58. The Purdy column contains some interesting information, but the betting-odds gimmick isn’t the only error. Just to be clear, Purdy writes:

    “The city’s lawsuit against MLB based on antitrust allegations was tossed out of federal court but is under appeal, while another portion of the suit proceeds at the state level. There’s another hearing Friday.”

    The only accurate statement in those sentences concerns tomorrow’s hearing (which technically is a case management conference–not oral agument on any motion). Judge Whyte didn’t toss the A/T lawsuit and there is no appeal under way. After the cmc tomorrow, Judge Whyte MAY sever his A/T order from the rest of the lawsuit by entering judgment on those claims. THEN San Jose can appeal. Meanwhile, the small remaining state-law claim(s) may or may not remain in Judge Whyte’s federal court. He’ll decide that issue after tomorrow’s cmc, too. (btw, issues such as a stay of the remaining claims pending appeal, scope of discovery, and whether a blanket protective will keep discovery confidential, and hidden from us, are also issues that will get hashed out after the cmc.)

    I nitpick this to make a simple point: most reporters report on legal proceedings inaccurately. I see it every day. It’s not their fault. Jury verdicts are easy enough to cover. Just ask juror number 10 why she voted to execute the defendant. Otherwise, the stuff can be impenetrably technical. Even an otherwise punctilious reporter (and I’m not sure Purdy is that, but that’s a different matter) often will get the legal side of a story flat wrong. And the status of a case is always subject to change depending on tactical moves and judges’ whims. It’s not easy to keep up, unless you’re as obssessed as a lawyer. (And I don’t recommend that for anyone who can avoid it.) So we should learn a few things about Judge Whyte’s view of the case at tomorrow’s cmc. All sorts of possibilities will remain, however.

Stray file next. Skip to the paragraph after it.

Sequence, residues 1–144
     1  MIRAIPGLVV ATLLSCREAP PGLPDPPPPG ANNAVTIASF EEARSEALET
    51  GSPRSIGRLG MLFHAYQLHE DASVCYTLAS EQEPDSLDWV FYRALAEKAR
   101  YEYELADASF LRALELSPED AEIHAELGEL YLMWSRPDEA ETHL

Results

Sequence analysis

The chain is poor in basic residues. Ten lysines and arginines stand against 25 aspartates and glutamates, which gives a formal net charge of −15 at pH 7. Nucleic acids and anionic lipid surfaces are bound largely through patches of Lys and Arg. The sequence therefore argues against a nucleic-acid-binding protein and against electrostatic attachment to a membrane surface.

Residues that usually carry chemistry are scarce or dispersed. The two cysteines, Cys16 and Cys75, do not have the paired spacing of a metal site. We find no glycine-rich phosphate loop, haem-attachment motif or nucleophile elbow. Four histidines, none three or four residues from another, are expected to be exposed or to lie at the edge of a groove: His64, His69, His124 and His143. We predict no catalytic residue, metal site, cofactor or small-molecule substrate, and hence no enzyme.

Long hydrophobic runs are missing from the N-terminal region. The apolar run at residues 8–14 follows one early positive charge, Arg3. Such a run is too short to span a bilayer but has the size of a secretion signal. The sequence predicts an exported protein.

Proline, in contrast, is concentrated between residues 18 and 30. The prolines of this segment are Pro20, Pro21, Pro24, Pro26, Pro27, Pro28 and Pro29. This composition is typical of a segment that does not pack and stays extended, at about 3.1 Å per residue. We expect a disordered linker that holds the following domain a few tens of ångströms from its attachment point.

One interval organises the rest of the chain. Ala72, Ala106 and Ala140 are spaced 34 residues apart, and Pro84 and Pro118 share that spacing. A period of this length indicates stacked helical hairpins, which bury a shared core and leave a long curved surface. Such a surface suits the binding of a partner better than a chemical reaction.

59. sorry: “blanket protective ORDER” is what I intended to write in the middle of that tome

  60. Given that MLB has turned down San Jose AND Oakland’s proposal, while (at the time) agreeing on Fremont’s, it looks like the big stumbling block seems to be be stadium debt as it pertains to the franchise (see https://newballpark.org/2010/09/29/the-debt-rule-and-you/). SJ does seem to be reasonably well (see https://newballpark.org/2011/06/03/the-debt-is-too-damn-high/) until you factor in any Gnats payoff (no wonder LW is so vocal about paying zilch). Oakland would be sky high and seems even more risky (given its past history of futile attendance and corporate support). It looks like MLB is trying to ensure that any proposal for the A’s has plenty of buffer so that MLB doesn’t have to step in and help bail out the team if all the forecasts don’t pan out.

  61. @Anon
    Re: Given that MLB has turned down San Jose AND Oakland’s proposal, while (at the time) agreeing on Fremont’s, it looks like the big stumbling block seems to be stadium debt as it pertains to the franchise
    I think you are right on the mark, with that one. I could not agree more.

  62. @anon,
    At least the A’s will have an opportunity to resubmit the San Jose proposal that’s more to their liking. Oakland’s “proposal? “…

  63. @Anon spot on and the 300 million dollar question is what city will cave. We all want a new stadium and know we need one, but hopefully ownership wont pull a Jeffrey Loria on us if and when one gets built. No matter how much you bring in as a team 30-50 million a year in loan payments is a lot, put hey interest rates are low.

  64. @TonyD – Oakland CAN offer redevelopment rights to Wolf in lieu of actual public subsidy. However, that would piss of the Raiders and/or the Colony/Dubai groups that is required for CC phase I.